The above preview is unformatted text

This student written piece of work is one of many that can be found in our University Degree Anthropology section.

Found what you're looking for?

  • Start learning 29% faster today
  • 150,000+ documents available
  • Just £6.99 a month

Not the one? Search for your essay title...
  • Join over 1.2 million students every month
  • Accelerate your learning by 29%
  • Unlimited access from just £6.99 per month

See related essaysSee related essays

Related University Degree Anthropology essays

  1. In what ways have Anthropologists shown that kinship is not about genetic relatedness?

    Instead, it is a man's semen that has all the necessary components for a child, the woman acts as little more than a vessel (Godelier, 1986. Cited in Holy, 1996: 21)1. Therefore, to the Baruya, maternity is not innate but "patently secondary" (Jolly, 1991:55.

  2. What can the exchange of gifts tell us about society?

    Magic rites must be performed over the sea-going canoe when it is first built in order to ensure it is 'swift and safe', but also lucky to ensure it averts dangers. Furthermore, the mwasila (the Kula magic proper) is a form of magic which is believed to directly act upon the partners mind (the nonola)

  1. To what extent can anthropology be seen as the study of indigenous classifications?

    Once occasion calls for more specific color terms the 'level II' terminology is employed with other specific words such as gray or yellow, as well as constructs such as 'very red' or 'weak yellow', with special attention to texture and light reflection of the surface.

  2. Discuss the extent to which tourism is a neo colonialist activity supported by cultural ...

    Social Darwinism is a concept that was defined by Herbert Spencer and one of the perceptions of Social Darwinists is that they consider some people more fit to survive than others. This perception could be used as an excuse for racism and oppression (Microsoft Encarta Encyclopaedia 1993-97). Bodley (1994 p.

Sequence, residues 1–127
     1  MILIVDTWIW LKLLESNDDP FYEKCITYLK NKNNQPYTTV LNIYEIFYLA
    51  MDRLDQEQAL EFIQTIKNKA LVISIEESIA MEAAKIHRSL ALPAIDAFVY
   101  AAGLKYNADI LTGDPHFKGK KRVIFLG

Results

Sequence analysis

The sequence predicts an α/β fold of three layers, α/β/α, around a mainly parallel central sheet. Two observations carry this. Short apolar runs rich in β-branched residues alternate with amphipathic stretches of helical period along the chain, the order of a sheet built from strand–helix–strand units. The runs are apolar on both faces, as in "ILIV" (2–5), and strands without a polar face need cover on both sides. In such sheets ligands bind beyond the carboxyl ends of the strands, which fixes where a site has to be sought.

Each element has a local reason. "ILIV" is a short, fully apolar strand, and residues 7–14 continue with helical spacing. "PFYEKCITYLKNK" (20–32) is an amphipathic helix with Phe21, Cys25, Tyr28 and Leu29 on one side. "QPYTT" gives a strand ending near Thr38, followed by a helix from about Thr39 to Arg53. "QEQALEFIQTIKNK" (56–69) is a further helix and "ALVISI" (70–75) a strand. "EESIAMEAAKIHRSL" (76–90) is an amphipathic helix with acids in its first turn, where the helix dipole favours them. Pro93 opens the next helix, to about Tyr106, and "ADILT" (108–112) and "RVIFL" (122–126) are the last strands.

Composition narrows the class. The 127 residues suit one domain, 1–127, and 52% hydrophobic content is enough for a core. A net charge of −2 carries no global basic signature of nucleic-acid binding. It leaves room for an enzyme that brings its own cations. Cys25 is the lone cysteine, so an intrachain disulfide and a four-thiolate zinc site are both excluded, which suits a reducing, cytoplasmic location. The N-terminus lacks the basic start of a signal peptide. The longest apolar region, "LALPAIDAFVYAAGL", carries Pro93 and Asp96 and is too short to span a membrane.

1. Discuss the purposes of genetic testing during pregnancy and the ethical issues raised by ...

    (Ibid), as well as the existence of IVF during which it is possible that preimplantation diagnosis and selection could take place. Preimplantation genetic diagnosis during IVF can be done using blastomere biopsy of a couple of cells from an eight to ten cell embryo (Lau and Leung, 2005).

  2. Culture is concerned with aspects of the human society, which are learned rather than ...

    Marx's idea of recognizing ideology as a false consciousness. The main criticism against Marx's theory may be of Gramsci. He thought that false consciousness could said to be 2'presented and expounded as an immediate expression of structure and must be contested as primitive infantilism'.

  1. Is our consciousness determined by existence or by the social economic aspects of our ...

    that consciousness is determined by nothing more than the social economic aspects of an individual?s life. Marxism is an economic and socio-political worldview and method of socioeconomic inquiry which emerged from the work of Karl Marx and Friedrich Engels which expressed and focused on the role of conflict in society.

  2. What can the study of childrens literature tell us about different models of childhood?

    Technological advances and economic potential of books in the late 20th century, coupled with promotion of reading by educationalists saw a massive increase in books published for children. The didactic purpose of books, in particular issues of racism, sexism, religious and sexual orientation were hotly debated during this time period.

  • Over 160,000 pieces
    of student written work
  • Annotated by
    experienced teachers
  • Ideas and feedback to
    improve your own work